$p$-typical Witt vectors are (among other things) a canonical way of associating to a perfect ring $A$ of characteristic $p$ a complete DVR of characteristic $0$ with residue ring $A$ generalizing $\mathbb{Z}_p$ and $\mathbb{F}_p$.

What is interesting/useful about other flavors of Witt rings, in particular the big Witt ring?

I am particularly interested in knowing their original motivation and applications.

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    $\begingroup$ I once attended a lecture in Bonn by Faltings on Witt vectors. Since the motivation for them wasn't clear, at the end of the lecture, like an idiot, I raised my hand and asked "Where to Witt vectors come from?". His response was "From a paper of Witt". $\endgroup$ Jan 5, 2016 at 6:30

3 Answers 3


Here is a long article by Hazewinkel and a discussion on the nLab.

The functor of taking big Witt vectors is right adjoint to the forgetful functor from lambda-rings to commutative rings. Lambda rings appear in topological K-theory and representation theory, because vector bundles (and representations of groups) have exterior powers (these are the lambda operations).

W(Z) is apparently universal in several settings, such as symmetric function theory (where I believe it is K0(finite sets)). Borger has a proposal for the category of schemes over the field with one element involving W(Z)-schemes.


I am particularly interested in knowing their original motivation and applications.

Kummer theory says that every degree-$n$ cyclic extension $L|k$ of any field $k$ containing a primitive $n$-th root $\zeta$ of $1$ is of the form $L=k(\root n\of D)$ for some order-$n$ cyclic subgroup $D\subset k^\times/k^{\times n}$, and conversely.

(Something can be said even when $\zeta\notin k$ but when $n$ is invertible in $k$. Look up a certain exercise in Schoof's book on Catalan's Conjecture.)

This leaves out degree-$p$ cyclic extensions $L|k$ of a characteristic-$p$ field. Artin-Schreier proved that $L=k(\wp^{-1}(D))$ for some ${\mathbb F}_p$-line $D\subset k/\wp(k)$, where $\wp:k\to k$ is the endomorphism $x\mapsto x^p-x$ of the additive group $k$, and conversely.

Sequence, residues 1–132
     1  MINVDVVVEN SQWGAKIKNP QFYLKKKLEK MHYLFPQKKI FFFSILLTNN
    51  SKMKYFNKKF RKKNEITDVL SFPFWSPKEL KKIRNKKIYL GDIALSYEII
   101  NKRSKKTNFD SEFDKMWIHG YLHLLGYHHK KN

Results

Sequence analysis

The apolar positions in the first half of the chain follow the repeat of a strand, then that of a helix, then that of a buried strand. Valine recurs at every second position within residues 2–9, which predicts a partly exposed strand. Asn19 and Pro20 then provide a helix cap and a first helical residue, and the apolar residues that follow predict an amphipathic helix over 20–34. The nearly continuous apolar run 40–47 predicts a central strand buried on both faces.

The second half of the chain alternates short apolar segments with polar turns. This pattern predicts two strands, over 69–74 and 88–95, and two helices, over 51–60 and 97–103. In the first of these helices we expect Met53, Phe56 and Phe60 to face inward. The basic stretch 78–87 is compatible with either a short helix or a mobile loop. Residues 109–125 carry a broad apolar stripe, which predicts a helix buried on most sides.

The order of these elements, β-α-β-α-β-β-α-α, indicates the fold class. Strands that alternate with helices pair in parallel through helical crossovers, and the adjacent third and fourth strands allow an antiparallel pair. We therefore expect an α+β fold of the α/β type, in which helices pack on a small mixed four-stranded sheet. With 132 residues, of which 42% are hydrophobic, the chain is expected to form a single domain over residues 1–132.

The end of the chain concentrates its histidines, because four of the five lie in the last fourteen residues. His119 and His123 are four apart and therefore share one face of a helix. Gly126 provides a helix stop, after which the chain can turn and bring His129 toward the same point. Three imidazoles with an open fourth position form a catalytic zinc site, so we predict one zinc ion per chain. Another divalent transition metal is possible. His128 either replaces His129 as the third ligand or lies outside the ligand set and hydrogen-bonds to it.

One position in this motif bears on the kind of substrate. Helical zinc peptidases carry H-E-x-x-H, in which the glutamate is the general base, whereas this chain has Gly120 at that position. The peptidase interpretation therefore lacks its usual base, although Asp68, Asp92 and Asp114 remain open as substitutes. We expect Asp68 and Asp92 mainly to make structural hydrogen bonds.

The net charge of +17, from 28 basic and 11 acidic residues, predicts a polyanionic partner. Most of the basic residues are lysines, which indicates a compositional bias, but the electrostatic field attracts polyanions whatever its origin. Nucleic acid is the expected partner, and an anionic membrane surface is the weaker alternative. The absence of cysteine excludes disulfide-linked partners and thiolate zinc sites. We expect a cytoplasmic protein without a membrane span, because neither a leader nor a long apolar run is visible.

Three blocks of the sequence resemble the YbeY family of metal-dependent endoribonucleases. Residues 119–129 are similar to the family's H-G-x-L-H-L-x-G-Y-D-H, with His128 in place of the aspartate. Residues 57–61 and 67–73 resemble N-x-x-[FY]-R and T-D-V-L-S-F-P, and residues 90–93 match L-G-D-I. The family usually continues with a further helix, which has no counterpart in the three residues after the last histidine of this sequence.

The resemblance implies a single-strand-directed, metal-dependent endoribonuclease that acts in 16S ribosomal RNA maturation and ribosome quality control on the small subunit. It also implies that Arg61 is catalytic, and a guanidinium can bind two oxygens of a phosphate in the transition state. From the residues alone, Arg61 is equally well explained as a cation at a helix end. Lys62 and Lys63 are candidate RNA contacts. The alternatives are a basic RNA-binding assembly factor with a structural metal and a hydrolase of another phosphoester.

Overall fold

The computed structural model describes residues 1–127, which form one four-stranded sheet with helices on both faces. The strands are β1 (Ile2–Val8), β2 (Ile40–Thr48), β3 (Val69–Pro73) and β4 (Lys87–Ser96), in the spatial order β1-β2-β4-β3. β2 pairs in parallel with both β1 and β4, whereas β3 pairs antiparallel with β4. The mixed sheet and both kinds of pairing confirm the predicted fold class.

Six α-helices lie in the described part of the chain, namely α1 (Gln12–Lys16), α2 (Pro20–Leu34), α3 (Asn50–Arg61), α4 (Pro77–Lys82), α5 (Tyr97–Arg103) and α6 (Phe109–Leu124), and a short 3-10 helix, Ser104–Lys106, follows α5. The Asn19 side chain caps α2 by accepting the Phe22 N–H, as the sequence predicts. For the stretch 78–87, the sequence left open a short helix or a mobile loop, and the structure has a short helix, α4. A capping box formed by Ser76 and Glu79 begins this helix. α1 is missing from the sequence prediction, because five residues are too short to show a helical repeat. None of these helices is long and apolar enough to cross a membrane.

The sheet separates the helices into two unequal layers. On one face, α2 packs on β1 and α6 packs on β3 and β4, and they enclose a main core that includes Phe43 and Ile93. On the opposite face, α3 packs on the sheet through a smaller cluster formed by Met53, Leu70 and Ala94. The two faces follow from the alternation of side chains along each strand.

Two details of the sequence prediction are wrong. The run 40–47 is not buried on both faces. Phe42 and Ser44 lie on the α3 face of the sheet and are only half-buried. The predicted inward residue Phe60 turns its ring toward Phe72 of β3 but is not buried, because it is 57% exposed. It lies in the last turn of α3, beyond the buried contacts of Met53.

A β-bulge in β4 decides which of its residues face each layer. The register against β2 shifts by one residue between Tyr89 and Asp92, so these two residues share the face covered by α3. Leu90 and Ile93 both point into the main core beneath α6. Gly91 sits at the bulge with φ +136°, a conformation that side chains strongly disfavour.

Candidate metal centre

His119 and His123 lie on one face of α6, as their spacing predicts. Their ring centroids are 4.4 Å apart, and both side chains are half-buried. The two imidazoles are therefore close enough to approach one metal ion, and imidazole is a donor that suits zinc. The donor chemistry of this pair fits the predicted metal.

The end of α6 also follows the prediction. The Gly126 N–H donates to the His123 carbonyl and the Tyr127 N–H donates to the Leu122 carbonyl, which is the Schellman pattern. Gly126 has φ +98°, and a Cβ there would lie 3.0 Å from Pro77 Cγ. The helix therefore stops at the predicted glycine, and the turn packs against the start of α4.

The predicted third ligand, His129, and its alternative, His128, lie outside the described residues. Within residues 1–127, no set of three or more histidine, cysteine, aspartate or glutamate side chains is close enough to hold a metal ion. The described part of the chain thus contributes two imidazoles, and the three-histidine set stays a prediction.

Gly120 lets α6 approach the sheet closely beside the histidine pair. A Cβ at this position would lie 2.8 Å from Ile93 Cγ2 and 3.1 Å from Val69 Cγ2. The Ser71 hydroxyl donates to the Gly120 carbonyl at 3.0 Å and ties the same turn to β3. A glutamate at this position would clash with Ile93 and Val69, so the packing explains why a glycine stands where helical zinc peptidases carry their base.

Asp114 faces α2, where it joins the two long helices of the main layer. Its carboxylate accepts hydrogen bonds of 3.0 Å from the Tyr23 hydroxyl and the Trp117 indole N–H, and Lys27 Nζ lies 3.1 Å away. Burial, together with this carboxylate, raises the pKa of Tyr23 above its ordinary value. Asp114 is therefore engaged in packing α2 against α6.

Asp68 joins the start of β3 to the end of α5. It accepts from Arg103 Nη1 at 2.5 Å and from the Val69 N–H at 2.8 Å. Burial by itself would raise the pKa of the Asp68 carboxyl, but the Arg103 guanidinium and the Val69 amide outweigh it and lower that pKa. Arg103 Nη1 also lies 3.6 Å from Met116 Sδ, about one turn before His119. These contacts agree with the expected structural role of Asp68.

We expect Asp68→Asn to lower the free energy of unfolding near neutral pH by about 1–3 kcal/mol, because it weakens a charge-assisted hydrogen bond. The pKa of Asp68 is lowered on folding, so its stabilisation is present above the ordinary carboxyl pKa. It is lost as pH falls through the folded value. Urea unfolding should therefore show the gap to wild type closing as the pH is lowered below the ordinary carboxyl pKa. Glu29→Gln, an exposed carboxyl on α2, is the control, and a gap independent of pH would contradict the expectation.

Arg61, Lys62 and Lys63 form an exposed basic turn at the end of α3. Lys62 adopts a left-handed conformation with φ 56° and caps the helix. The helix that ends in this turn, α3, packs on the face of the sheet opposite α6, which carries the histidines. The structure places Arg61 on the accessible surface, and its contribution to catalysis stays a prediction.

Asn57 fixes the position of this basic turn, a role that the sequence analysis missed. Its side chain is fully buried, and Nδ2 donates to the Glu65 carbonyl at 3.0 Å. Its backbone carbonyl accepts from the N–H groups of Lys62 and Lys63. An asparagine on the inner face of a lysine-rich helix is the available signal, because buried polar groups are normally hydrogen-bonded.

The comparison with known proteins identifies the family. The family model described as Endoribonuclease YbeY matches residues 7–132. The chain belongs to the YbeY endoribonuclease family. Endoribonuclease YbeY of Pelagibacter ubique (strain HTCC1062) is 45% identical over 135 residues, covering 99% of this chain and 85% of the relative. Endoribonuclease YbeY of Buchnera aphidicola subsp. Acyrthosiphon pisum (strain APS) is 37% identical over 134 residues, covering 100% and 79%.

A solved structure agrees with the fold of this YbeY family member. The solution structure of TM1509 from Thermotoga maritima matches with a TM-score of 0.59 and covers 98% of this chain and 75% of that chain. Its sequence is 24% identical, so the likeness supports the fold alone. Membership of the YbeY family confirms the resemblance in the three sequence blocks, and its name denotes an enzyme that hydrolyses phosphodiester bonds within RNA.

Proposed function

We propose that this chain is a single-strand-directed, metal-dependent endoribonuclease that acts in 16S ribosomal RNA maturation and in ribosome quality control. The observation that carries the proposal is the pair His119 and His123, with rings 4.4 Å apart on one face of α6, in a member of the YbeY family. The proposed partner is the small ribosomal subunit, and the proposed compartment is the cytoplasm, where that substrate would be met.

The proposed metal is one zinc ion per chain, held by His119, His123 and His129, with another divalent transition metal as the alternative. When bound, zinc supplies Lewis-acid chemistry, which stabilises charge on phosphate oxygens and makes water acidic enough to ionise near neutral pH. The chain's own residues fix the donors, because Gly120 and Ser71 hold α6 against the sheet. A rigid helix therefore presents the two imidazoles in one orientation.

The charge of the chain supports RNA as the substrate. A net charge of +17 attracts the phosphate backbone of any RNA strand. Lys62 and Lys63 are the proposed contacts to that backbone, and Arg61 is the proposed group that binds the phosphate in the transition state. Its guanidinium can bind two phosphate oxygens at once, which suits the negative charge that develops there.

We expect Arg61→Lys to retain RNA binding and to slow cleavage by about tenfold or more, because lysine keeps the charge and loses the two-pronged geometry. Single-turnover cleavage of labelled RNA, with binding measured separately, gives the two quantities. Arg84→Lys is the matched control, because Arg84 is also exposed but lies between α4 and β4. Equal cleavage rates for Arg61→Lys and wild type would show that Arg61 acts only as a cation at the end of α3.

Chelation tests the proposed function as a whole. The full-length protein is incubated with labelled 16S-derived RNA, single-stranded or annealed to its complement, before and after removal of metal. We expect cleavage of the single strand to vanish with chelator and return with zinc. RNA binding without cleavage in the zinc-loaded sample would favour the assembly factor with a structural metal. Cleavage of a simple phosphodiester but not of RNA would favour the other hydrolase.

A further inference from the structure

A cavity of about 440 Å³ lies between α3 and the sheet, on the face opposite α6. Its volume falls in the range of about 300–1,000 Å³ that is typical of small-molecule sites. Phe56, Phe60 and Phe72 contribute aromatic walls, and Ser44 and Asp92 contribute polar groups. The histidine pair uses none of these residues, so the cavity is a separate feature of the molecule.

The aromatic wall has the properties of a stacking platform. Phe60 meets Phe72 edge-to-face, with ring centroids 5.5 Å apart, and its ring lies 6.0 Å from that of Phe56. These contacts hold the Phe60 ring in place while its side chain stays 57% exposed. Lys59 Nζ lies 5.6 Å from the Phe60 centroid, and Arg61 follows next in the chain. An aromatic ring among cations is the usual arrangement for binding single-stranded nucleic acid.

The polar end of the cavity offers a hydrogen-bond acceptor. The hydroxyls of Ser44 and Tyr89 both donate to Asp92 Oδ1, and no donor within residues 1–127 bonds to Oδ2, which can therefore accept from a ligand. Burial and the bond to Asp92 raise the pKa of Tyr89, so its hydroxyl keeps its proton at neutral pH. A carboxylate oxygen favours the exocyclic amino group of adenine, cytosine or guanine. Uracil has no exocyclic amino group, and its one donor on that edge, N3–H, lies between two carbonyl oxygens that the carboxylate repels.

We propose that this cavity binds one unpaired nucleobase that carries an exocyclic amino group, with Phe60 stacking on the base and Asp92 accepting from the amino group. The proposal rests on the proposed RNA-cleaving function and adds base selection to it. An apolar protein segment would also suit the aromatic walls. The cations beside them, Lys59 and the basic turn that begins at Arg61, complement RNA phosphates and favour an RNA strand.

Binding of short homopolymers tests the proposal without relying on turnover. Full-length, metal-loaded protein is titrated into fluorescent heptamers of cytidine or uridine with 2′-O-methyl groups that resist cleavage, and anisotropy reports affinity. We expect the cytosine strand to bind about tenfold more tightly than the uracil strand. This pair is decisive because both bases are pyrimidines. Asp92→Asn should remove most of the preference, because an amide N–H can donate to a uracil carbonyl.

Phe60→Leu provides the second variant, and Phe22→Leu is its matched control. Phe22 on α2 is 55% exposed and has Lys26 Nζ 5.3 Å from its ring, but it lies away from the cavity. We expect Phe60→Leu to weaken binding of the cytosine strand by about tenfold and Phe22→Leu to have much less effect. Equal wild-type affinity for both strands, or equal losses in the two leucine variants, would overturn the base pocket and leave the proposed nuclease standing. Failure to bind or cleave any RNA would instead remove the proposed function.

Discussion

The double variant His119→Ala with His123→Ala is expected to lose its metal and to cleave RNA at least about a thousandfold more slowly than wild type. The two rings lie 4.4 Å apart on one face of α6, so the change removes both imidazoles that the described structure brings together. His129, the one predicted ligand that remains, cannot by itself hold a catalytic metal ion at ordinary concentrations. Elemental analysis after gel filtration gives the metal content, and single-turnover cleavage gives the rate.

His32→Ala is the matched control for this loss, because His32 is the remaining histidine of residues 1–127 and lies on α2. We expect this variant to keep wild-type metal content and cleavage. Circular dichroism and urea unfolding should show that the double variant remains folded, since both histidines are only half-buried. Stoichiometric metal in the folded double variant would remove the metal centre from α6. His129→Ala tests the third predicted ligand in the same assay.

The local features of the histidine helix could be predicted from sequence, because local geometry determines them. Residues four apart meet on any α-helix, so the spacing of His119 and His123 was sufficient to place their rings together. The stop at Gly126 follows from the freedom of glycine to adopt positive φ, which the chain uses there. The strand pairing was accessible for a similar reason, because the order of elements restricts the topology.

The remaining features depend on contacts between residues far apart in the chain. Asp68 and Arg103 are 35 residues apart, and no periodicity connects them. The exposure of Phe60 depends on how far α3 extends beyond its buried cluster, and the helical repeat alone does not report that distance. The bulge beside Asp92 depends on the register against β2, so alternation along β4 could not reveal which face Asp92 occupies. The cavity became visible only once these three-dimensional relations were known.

What about degree-$p^m$ cyclic extensions $L|k$ of a characteristic-$p$ field ? Many complicated constructions for particular cases were given in the 1930s (by people such as Albert) before Witt introduced the ring $W_m(k)$ of $p$-typical Witt vectors of length $m$ and the endomorphism $\wp:W_m(k)\to W_m(k)$ of the additive group, and proved that $L=k(\wp^{-1}(D))$ for some order-$p^m$ cyclic subgroup $D\subset W_m(k)/\wp(W_m(k))$, and conversely.

There were many other papers in the same volume of Crelle 176 (1937) applying Witt vectors to other outstanding problems. My favourite is Hasse's characterisation of those $\alpha$ in a finite extension $K$ of ${\mathbb Q}_p$ containing a primitive $p^m$-th root of $1$ for which the extension $K(\root p^m\of\alpha)|K$ is unramified ($p^m$-primary numbers; see for example the book by Fesenko and Vostokov, freely available on Fesenko's homepage).

See also Harder, Wittvektoren, Jahresber. Deutsch. Math.-Verein. 99 (1997), no. 1, 18--48.

An English translation of this paper has appeared in Ernst Witt, Gesammelte Abhandlungen, Springer, Berlin, 1996.

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    $\begingroup$ Sorry, I overlooked the adjective "big" in the title. My answer is really for p-typical Witt vectors. $\endgroup$ Dec 30, 2009 at 12:00
  • $\begingroup$ A short intro could be there in J.-P. Serre, Local Fields. Also one could mention the applications to Fontaine theory. $\endgroup$
    – Anweshi
    Jan 3, 2010 at 15:48
  • $\begingroup$ The applications to Fontaine theory (or p-adic Hodge theory) are discussed by Harder in the article I quote. $\endgroup$ Jan 4, 2010 at 4:36

From my point of view (which is I should say basically my, probably incorrect, interpretation of Borger's) part of the interest in the big Witt ring is that, at least in the flat case where there are no issues with torsion, one does not just have Frobenius lifts at every prime - one has compatible Frobenius lifts. By compatible I mean that they commute.

This is more related to \Lambda-rings in general, but as an example consider putting a \Lambda-structure on Z[x], i.e. the affine line over the integers. Then the restriction that we want commuting Frobenius lifts means that there are precisely two \Lambda structures on Z[x] namely the obvious one where x -> x^p for each prime p and a second given by Chebyshev polynomials. This is I think clearly no longer true if we drop the commutativity condition.

To expand slightly on what Scott mentioned and to connect this back to W(-) let me say the following. From Borger's point of view the functor taking big Witt vectors should be viewed as "base forgetting" from Z to F_ 1 or in other words a \Lambda-structure should be viewed as descent data to F_ 1. From this point of view having compatible information at each prime seems, at least to me, quite natural.

I believe there are other reasons related to big de-Rham Witt cohomology - namely that if one throws away primes one loses information but I don't really know enough about it to say anything with certainty.


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